IT'S TIMETO BE BOLD
There are problems to be solved. And futures to be formed.
The creative life isn’t for the faint of heart. It’s for those who believe in themselves enough to trust their instincts, leave their comfort zones, and push their talents to the limit. If you’re up for it, keep going.
We offer guidance and support for transfer students.
We’ll help you navigate the steps of transferring to our creative, hands-on community. You may be eligible to transfer your credits to The Art Institutes—and we offer important grants and scholarship opportunities for which you may qualify. If you’re ready to immerse yourself in our rigorous classrooms and studios, we’re ready to support you every step of the way. Read on for all of the details.
October 22, 2016
October 22, 2016
October 22, 2016
October 22, 2016
October 22, 2016
9:30 AM to 1:00 PM
October 22, 2016
9:30 AM to 1:00 PM
Transferring to a new school is an exciting time, but it can also be an overwhelming process. If you’re an Art Institutes transfer student, you have enough on your plate without having to stress over every last detail of the transfer process. That’s why we put together these Top 5 Tips for Transfer Students. Armed with the right information, all you have to do is get excited for the next phase of your student journey!
Recently, students from The Art Institute of California—Hollywood, a campus of Argosy University, were chosen to appear on the Gameshow Network’s horror gameshow, “Hellevator.”
Michigan native Gabriel Vunda recently won a competition hosted by Jamba Juice in North Hollywood. The store was looking for an artist to design a mural for a wall inside of the business. Jamba Juice in North Hollywood chose Gabriel as the winner. He’ll paint the mural and receive $1,000.
Meet Our Alumni
Christian FerrettiFashion Design , 2011
"I believe what is going to carry you through is your passion. In the end, if you don't have love for what you do, there is no point."Read More
Christian Ferretti is a men’s outerwear designer for Guess? Inc. in Los Angeles, California. He designs blazers, vests, and outerwear, and says that fashion is a career that requires determination. “The majority of circumstances in your career will take commitment. I had to work long hours and weekends to be able to finish collections that were due.” He emphasizes the need to work well in a team and to look to the bigger picture when decisions don’t go your way.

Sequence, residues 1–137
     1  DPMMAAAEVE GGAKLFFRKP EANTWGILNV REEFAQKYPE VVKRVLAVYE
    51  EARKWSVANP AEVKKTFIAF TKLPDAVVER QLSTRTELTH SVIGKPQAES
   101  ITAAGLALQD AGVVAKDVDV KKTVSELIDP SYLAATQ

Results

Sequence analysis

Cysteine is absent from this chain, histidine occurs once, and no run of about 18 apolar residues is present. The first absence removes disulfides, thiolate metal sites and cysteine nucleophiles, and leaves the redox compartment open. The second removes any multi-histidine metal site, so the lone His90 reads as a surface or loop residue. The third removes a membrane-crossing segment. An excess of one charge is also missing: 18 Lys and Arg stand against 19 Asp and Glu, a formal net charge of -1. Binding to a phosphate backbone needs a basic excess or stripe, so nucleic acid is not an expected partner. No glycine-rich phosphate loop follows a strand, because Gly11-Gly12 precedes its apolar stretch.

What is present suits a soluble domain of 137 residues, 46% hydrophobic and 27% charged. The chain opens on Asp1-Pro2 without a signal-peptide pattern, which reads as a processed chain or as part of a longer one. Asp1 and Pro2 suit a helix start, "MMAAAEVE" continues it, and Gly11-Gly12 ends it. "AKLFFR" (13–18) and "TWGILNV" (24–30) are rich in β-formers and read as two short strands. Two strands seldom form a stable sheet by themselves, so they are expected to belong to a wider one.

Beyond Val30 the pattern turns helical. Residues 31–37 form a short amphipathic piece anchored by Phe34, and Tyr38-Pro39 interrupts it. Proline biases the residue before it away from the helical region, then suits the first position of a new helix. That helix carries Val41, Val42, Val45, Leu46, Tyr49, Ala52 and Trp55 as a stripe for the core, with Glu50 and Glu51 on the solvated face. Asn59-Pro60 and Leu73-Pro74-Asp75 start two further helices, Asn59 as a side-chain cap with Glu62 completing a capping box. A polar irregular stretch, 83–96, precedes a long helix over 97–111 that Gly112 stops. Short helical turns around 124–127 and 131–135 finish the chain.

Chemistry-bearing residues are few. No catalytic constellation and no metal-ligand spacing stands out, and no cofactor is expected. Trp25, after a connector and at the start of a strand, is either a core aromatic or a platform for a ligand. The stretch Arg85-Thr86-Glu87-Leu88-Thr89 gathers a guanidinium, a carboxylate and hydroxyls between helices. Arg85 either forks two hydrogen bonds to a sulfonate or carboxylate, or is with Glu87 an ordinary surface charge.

“Sometimes you may not agree with the decisions made by the person in charge but you need to understand it is not about you. It’s about the team.”
Christian has faced challenges in his career, including taking a year off of school for personal reasons. “I wish I hadn't done that. I think it is imperative to stick it out and finish the goal you have set for yourself.” His passion helped him to get back into school and complete his degree. And he tells current students that without that same passion, they cannot succeed. “I believe what is going to carry you through is your passion. In the end, if you don't have love for what you do, there is not point.”
At work, Christian has an inspiration board that he uses to brainstorm ideas. He updates the board with photos, fabrics, and magazine tears and uses that information to think about his target customer’s lifestyle. ”I constantly share news about fashion and bring my recent vintage finds to work. I also communicate my vision through the way I dress daily.”
Achieving a place of prominence in the fashion world takes time and Christian says it’s important to take internships and even unpaid work to gain experience. “I have proven myself in the company I currently work for by creating styles that sold well.” He’s also been interviewed by CNN en Español and was featured in newspapers and magazines in his native Ecuador.
Christian, who in 2011 earned an Associate of Science in Fashion Design from The Art Institute of California—Hollywood, says that his education helped him to understand the importance of deadlines. He also learned that feedback is an important way to grow as an artist. “Critiquing is not always destructive. [It] can make you better.”